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Things to Do in Los Angeles

With a reputation for red-carpet glamour, year-round sunshine, and West Coast chill, California's City of Angels draws travelers from all over the world. Los Angeles is one of the most densely populated and diverse metropolitan areas in the US, and its 40+ distinct neighborhoods are connected by a maze of freeways, so it's best explored with a guide. But that's no reason to spend your time on a tour bus: Whether you want to walk, bike, or Segway around LA, there's a city tour for you. Hit Hollywood landmarks like the Walk of Fame, TCL Chinese Theatre (aka Grauman's), the iconic hilltop sign, and Sunset Strip. Celebrity-seekers can tour Warner Bros. Studios or Beverly Hills, home to Rodeo Drive and many movie stars' mansions. For taste of classic LA beach culture, head to Santa Monica or Venice Beach. Active travelers can hike or ride horseback through the Hollywood Hills, while true thrill-seekers can paraglide in Malibu, test-drive an exotic sports car, learn to rock climb, or sign up for surf camp. For family-style fun, some of California's top theme parks are within easy reach. Be sure to book VIP-access or skip-the-line tickets for Universal Studios Hollywood, Disneyland, and Disney's California Adventure. You could easily extend your LA vacation with a coastal escape to Santa Barbara, Solvang, or Hearst Castle—all north of the city. Or, make a like a movie star and head inland to Palm Springs, a Hollywood hideaway since the Rat Pack-era.
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Hollywood Walk of Fame
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Marilyn Monroe? 6774 Hollywood Blvd. James Dean? 1719 Vine St. Elvis Presley? 6777 Hollywood Blvd. No, not last known addresses, just the exact spot for the brass star honoring these celebrities on the Hollywood Walk of Fame.

These stars and many others are sought out, worshiped, photographed, and stepped on day after day long this stretch of sidewalk along Hollywood Boulevard. Since 1960 more than 2,000 performers - from legends to long-forgotten bit-part players - have been honored with a pink-marble, five-pointed sidewalk star.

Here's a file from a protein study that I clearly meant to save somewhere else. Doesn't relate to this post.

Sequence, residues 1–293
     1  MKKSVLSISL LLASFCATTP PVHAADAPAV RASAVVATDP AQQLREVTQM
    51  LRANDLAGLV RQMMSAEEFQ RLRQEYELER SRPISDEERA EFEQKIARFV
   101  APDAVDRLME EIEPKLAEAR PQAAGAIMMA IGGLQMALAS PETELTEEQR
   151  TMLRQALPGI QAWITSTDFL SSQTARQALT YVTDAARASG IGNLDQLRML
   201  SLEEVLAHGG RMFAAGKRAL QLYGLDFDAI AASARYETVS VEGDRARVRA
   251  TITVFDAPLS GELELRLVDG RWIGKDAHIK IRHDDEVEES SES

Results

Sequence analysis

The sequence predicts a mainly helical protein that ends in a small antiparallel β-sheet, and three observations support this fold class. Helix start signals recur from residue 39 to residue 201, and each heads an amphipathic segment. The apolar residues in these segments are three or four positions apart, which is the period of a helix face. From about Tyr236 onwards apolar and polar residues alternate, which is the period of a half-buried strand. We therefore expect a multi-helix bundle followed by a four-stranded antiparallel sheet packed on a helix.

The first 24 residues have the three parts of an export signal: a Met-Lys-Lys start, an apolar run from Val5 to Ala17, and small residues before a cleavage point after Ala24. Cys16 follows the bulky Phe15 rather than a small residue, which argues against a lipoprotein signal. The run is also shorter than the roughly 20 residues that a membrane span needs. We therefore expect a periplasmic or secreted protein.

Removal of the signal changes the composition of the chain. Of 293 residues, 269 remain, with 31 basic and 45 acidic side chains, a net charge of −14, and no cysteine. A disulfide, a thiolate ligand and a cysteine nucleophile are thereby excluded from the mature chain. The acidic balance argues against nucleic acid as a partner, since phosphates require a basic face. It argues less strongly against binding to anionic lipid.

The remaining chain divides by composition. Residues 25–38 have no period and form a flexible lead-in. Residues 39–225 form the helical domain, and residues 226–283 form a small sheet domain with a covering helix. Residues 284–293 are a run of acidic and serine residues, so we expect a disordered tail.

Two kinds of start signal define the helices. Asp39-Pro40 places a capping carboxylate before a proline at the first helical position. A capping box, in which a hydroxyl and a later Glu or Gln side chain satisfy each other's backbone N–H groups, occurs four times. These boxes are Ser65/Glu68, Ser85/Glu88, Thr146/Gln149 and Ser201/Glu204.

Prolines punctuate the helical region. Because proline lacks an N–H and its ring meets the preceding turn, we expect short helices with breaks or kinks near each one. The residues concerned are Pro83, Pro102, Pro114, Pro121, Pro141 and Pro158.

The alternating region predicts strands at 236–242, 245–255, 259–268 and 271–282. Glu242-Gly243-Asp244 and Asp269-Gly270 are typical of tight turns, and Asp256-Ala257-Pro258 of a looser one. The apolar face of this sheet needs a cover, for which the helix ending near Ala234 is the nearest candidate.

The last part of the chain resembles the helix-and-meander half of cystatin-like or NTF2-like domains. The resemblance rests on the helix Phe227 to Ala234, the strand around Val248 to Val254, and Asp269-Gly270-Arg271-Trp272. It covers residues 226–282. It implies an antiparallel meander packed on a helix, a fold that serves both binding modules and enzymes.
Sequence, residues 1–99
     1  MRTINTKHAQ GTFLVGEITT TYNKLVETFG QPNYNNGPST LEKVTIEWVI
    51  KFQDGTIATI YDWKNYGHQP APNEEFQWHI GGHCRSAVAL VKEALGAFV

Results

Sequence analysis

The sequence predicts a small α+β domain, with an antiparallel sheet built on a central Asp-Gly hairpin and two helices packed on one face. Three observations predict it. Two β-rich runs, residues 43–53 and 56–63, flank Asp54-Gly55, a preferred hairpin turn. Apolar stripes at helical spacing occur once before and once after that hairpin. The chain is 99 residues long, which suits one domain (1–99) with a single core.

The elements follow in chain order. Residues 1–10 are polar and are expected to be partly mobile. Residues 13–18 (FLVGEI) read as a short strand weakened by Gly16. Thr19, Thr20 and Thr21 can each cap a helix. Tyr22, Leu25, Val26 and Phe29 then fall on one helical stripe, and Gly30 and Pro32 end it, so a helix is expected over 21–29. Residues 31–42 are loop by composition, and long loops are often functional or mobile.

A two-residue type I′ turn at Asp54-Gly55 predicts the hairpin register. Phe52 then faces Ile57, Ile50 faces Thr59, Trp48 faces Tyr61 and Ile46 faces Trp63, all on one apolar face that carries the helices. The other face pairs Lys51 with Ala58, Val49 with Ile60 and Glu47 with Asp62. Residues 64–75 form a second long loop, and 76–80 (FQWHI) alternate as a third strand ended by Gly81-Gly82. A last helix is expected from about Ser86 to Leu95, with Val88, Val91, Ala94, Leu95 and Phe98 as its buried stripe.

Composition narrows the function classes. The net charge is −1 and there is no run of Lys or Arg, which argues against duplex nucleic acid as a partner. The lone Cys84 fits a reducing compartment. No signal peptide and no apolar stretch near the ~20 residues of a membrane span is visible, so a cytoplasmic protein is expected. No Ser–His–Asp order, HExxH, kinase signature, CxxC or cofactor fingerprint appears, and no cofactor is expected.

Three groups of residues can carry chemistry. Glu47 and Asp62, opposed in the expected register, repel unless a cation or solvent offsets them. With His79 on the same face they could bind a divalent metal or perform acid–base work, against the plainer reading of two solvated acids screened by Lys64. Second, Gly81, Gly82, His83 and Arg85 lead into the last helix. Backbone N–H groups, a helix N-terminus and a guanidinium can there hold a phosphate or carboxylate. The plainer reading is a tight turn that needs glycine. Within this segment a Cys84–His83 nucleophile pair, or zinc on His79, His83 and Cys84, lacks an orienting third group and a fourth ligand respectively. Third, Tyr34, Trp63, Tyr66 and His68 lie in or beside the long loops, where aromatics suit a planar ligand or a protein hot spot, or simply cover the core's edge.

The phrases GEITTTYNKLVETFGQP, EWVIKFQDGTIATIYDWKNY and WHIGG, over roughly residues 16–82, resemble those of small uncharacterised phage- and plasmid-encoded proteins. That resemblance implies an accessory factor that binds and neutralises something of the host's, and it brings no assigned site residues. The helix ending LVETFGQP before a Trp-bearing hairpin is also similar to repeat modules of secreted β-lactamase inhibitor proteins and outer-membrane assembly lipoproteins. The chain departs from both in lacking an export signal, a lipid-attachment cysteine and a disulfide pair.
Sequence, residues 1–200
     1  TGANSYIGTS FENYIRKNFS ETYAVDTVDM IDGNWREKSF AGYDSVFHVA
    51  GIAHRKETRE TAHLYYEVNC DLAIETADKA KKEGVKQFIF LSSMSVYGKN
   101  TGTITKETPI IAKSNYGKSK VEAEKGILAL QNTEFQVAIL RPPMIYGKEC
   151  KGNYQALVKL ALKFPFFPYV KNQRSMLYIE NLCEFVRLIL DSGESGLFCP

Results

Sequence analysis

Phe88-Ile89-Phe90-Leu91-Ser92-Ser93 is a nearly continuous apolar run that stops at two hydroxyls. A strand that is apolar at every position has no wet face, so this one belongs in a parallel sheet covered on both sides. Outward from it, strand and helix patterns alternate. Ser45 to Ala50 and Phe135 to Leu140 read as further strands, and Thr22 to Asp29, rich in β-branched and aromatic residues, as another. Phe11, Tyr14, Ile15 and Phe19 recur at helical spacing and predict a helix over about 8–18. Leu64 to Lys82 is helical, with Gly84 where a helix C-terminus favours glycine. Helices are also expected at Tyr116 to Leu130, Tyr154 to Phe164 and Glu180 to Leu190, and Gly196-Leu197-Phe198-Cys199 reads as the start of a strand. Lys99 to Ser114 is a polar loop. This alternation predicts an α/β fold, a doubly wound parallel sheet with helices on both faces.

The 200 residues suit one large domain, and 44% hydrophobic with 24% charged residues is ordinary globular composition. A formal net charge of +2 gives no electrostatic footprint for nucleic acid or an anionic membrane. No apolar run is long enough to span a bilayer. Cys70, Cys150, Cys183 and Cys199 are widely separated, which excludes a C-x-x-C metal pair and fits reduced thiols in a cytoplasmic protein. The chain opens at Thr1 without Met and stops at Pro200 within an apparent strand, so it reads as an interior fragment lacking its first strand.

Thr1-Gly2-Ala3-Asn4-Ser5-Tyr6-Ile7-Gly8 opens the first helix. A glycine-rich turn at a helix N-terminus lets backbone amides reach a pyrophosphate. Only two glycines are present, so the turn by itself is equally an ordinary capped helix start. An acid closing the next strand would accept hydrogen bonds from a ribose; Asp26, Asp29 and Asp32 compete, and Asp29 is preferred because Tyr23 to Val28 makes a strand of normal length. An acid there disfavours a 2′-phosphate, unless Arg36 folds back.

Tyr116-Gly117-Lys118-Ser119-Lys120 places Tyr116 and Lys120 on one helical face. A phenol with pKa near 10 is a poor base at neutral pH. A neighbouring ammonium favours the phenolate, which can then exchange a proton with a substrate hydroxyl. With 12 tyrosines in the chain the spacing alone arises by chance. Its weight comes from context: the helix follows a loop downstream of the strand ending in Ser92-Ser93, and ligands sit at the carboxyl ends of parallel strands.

Follow this celestial sidewalk along Hollywood Boulevard between La Brea Avenue and Gower Street, and along Vine Street between Yucca Street and Sunset Boulevard.

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Hollywood Sign
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One of LA's most distinguishing icons, the famous HOLLYWOOD sign proudly stands on the hillside of the Hollywood Hills, overlooking its namesake city and the movie industry it has come to symbolize.

LA's most famous landmark first appeared on its hillside perch in 1923, as a advertising gimmick for a real-estate development called Hollywoodland. Each letter stands 50 feet (15 m) tall and is made of sheet metal painted white.

Once aglow with 4,000 light bulbs, the sign even had its own caretaker, who lived behind the letter L until 1939. The last four letters were lopped off in the 1940s as the sign started to crumble along with the rest of Hollywood. In the late 1970s, Alice Cooper and Hugh Hefner joined forces with fans and other celebrities to save the famous symbol.

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TCL Chinese Theatre
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Stand in the footprints of your favorite silver-screen legends in the courtyard of this grand movie palace. The exotic pagoda theater - complete with temple bells and stone Heaven Dogs from China - has shown movies since 1927. In fact, it's still a studio favorite for star-studded premieres, captivating crowds of all ages.

It's somewhat of a tourist rite of passage to compare your hands and feet with the famous prints set in cement at the entrance court. There are some 160 celebrity squares to discover including R2D2's wheels, Jimmy Durante's nose, Betty Grable's legs, or Whoopi Goldberg's braids. Rumor has it that the tradition was started when silent film star Norma Talmadge accidentally stepped in wet cement the night of the theater's premier of Cecil B. DeMille's King of Kings.